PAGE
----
British MPs' criticisms are baseless, biased and bad

Updated: 2018-11-21 06:53

(HK Edition)

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Grenville Cross exposes the nonsense talked recently by some UK politicians in regard to the justice system in Hong Kong SAR

As the trial of nine defendants accused of criminal offences arising out of their alleged participation in the street protests of 2014 gets underway, a group of eight members of parliament in the United Kingdom have unfortunately sought to interfere. The accused are charged with various public nuisance offences, which allegedly resulted from illegal demonstrations and sit-ins. These caused three thoroughfares to be brought to a standstill, with buses and ambulances being diverted. Huge public disruption resulted, and continued for many weeks.

Quite clearly, no civilized jurisdiction can tolerate organized obstruction on its streets, particularly when its objective is to advance a political agenda. In the UK, public disruption is not tolerated, and offenders are always brought to account. Hong Kong authorities exercised maximum restraint throughout the disturbances, and allowed the protests to run their course, for which they deserve full credit. This, however, certainly does not mean that those suspected of related criminality can expect to evade justice.

British MPs' criticisms are baseless, biased and bad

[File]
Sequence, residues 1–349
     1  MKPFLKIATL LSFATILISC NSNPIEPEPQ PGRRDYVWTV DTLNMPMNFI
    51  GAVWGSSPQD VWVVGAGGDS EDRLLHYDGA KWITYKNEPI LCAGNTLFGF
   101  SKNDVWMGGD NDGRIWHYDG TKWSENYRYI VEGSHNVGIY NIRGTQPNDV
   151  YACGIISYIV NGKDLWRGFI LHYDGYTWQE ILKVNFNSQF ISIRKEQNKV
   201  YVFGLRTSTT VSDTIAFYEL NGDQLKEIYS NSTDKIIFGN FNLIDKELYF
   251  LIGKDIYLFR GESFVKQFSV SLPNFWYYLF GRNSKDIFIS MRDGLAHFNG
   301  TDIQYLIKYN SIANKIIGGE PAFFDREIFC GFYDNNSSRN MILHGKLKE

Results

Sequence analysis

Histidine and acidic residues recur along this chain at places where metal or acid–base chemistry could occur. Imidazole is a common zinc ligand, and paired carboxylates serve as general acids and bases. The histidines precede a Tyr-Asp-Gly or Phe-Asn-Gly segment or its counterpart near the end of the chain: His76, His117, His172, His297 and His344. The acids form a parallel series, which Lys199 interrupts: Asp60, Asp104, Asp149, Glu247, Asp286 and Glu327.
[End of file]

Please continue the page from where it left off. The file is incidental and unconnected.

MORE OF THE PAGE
In Hong Kong, everyone is equal before the law, and people who are believed to have committed offences face being charged, irrespective of their motives or their position in society.

The Department of Justice reviewed the evidence against the nine accused, and charged those it considered responsible for the disruption. In doing so, prosecutors will have exercised their own discretion and acted in good faith. They must have concluded, as prosecution policy requires, that there was a reasonable prospect of conviction on the available evidence, which is the same test as applied in the UK. Their decisions will have had nothing to do with the government, as they enjoy constitutionally guaranteed independence. The Basic Law stipulates that the department "shall control criminal prosecutions, free from any interference", which is profoundly reassuring for everyone in Hong Kong.

Although the trial will now take its course, Fiona Bruce MP has tabled a motion in the British House of Commons condemning the proceedings. It describes the charges as "vague and ambiguous", claims they are intended "to intimidate and silence pro-democracy figures", and urges the UK government to raise the matter with the Hong Kong authorities and to consider "further actions". This, of course, is political grandstanding, and disregards not only the independence of Hong Kong prosecutors, but also the integrity of the legal system. The reasons for this motion, however, are not hard to find.

Bruce has worked very closely with Benedict Rogers, in the Conservative Party's Human Rights Committee, where they are both described as "commissioners". In fact, Bruce has been its chair, with Rogers as her vice-chair. Rogers, of course, came to public attention in 2017, when he was denied entry to Hong Kong, and established the Hong Kong Watch think tank.